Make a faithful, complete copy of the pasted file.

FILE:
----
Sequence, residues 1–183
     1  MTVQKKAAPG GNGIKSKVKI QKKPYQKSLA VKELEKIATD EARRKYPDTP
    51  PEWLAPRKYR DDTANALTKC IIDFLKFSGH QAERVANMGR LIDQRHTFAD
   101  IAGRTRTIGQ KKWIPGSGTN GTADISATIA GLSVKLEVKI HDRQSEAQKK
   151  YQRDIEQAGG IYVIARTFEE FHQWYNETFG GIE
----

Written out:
Sequence, residues 1–183
     1  MTVQKKAAPG GNGIKSKVKI QKKPYQKSLA VKELEKIATD EARRKYPDTP
    51  PEWLAPRKYR DDTANALTKC IIDFLKFSGH QAERVANMGR LIDQRHTFAD
   101  IAGRTRTIGQ KKWIPGSGTN GTADISATIA GLSVKLEVKI HDRQSEAQKK
   151  YQRDIEQAGG IYVIARTFEE FHQWYNETFG GIE